Japanese is Possible!
Information you will need
- Using the Internet
- Plain vs. Polite
- Japanese Music
The vowel sounds in Japanese are as follows:
A as in "father"
E as in "seven eleven"
I as in "Easter treat"
O as in "open, Pope"
U as in "fruity moogle"
You'll notice that the vowels are pronounced
the similarly to Spanish, Italian, and Latin (and several other
Pronunciation of these vowels is very
consistant. There are no silent vowels (although sometimes the
Japanese choose not to voice a vowel). Each vowel sound
is pronounced distinctly.
For example, the word
would be pronounced "KAH eh roo". In English, you might want to
pronounce it "KAY roo" or "KAY ruh".
The vowels 'i' and 'u' are weak vowels. That means
that many times they are not pronounced. The most
important example is:
desu (the u is silent - pronounced DESS)
However, don't just go around dropping u's
and i's. People will have no idea what you're saying.
Consonant sounds are generally pronounced the same
way as in English, but there are a few differences:
Prounounced like a combination of 'L' and 'D', with a bit of 'R'
mixed in. It's pretty close to how the R is pronounced in Spanish.
(It isn't "trilled", however) In Spanish, an R sounds a lot like a
'D'. Consider this: Say "lu." Notice how you drag the tip of your tongue along the roof of your
mouth. To say a Japanese
R, just briefly touch the tip to that spot at the
moment you say the consonant, and use a little
more "punch" in your voice.
You can pronounce it like an F, but often it sounds more like an
There is no accent in Japanese, meaning there is no
emphasis on a particular part of a word. English and
Spanish have accents, Japanese does not.
Japanese does have pitch inflections, and
this is their substitute for accents. For example, in
English, we put stress on a certain part of a word to make it sound
right and this is marked by an apostrophe-like symbol in the
dictionary. In Japanese, they do not put stress on their
words but raise the pitch of their voices instead. In Chinese,
there are patterns to move between five different pitches
to distinguish a word's meaning. In Japanese, there are only
two pitches, but the only real way to grasp where to raise the
pitch of your voice is from
listening to Japanese speech and repeating it.
For practice in this area:
- Listen to Japanese music
- Watch subtitled (or Japanese language)
Listening to Japanese music is enjoyable, and helps you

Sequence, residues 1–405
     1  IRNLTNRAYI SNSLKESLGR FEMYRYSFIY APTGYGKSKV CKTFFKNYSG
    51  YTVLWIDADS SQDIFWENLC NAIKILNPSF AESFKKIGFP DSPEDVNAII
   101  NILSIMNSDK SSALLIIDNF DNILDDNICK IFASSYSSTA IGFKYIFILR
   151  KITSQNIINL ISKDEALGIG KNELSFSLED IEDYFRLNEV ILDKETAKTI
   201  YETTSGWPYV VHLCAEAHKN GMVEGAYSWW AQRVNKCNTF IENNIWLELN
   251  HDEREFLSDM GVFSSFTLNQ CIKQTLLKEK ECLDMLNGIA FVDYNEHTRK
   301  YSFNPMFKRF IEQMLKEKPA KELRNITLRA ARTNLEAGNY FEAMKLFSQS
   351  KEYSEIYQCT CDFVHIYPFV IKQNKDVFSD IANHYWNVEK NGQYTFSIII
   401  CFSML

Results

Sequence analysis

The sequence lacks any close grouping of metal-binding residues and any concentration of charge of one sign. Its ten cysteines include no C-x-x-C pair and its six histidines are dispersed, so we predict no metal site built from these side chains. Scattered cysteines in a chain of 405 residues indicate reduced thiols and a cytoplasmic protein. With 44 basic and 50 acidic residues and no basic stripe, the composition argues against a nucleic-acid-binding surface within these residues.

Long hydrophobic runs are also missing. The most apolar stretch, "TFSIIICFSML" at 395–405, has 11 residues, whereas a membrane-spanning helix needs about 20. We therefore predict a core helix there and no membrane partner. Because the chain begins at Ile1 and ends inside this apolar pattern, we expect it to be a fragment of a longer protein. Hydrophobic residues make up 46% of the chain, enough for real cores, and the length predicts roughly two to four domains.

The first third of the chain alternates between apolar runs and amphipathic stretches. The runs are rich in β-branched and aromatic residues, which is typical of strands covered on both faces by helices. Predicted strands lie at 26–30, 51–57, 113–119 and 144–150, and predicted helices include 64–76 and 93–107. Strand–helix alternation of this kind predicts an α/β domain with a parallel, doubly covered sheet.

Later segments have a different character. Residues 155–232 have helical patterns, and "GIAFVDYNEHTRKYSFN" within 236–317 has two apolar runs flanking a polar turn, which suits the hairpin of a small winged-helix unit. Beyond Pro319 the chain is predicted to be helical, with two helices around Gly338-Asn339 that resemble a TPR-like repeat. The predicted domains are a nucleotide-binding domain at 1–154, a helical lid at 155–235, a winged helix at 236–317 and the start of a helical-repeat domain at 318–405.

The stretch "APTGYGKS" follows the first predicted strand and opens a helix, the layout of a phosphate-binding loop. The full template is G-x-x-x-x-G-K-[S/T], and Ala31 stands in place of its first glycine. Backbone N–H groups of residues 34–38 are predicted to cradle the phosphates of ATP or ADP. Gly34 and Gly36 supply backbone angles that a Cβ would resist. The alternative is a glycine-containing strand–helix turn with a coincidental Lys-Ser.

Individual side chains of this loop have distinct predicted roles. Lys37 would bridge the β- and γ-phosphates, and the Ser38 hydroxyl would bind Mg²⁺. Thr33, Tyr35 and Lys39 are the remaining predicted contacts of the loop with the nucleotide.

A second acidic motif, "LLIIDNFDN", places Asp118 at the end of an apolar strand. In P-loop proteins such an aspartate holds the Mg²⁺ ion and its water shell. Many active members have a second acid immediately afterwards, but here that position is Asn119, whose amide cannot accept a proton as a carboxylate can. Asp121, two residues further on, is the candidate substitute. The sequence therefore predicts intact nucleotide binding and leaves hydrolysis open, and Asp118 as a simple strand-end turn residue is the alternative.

out tremendously in many areas. You can download MP3s
from many websites, and purchase import CD's from many
other websites. If you don't know what's good, try
downloading MP3's of different songs. When you find
out what artists you like, support them by purchasing
Some songs I would recommend to anyone are the
Xenogears Creid songs. Inspired by the famous Xenogears
game for Playstation, these songs are eclectic and
beautiful! The lyrics are easy to understand in many of
the songs, and the songs are very unique. Some of the
songs don't even have lyrics, but they're still wonderful!
For links to great Japanese and Anime related
MP3 sites, scroll to the end of this column.
Grammar Terms - part 1
You'll need to know a few basics about grammar to
be able to make sentences. I'll go over the basics,
to be fair to those of you that slept through English
The person or thing that performs the action of the sentence's verb.
The man jumped through the frog.
"man" would be the subject of the sentence, since
he is the one who jumped.
A word used to describe a person, place, or thing
The man jumped through the holographic frog.
"holographic" is an adjective,
since it DESCRIBES the frog. Since frog is a noun,
any word describing the frog would be an adjective.
A word used to modify a verb
The man quickly jumped through the frog.
"quickly" is the adverb, since it describes how
he jumped. Jump is the verb, so any word describing
how he jumped would be an adverb.
entity on which the verb is performed
The woman ate the apple.
Now figuring out the direct object is straighforward -
simply ask the question, "She ate WHAT?"
The question would be answered, "the apple".
So "apple" would be the direct object.
For practice in this area:
- Purchase a good Japanese grammar book
- Find websites that cover grammar
- Review an English grammar textbook
Plain vs. Polite form
Unlike English, Japanese has distinct levels
of formality in speech and writing, four main ones to be precise. One
speaks differently among friends than to one's boss. In America,
that difference would mainly be reflected in tone
of voice, and use of slang words, contractions and so on.
In Japanese however, there are actually different words
and verb endings for this purpose.
If you've watched Anime, you may have noticed that
royalty (princesses, kings) speak differently than
most other characters. There are hundreds of examples,
including "Ayeka" from Tenchi Muyo.
In most Japanese language courses, the polite form is
taught first. The instructors reason that you can use
the polite form anywhere (including with friends). The
plain form is only acceptable with friends and close
However, the plain form is by far more
common in songs, books, manga, anime and on television. Since
this website is somewhat focused around anime, and for other good
reasons, we will
begin by teaching the plain form. Here are a number of
- Anime and video games tend to use the
plain form, and that is where most people will use their Japanese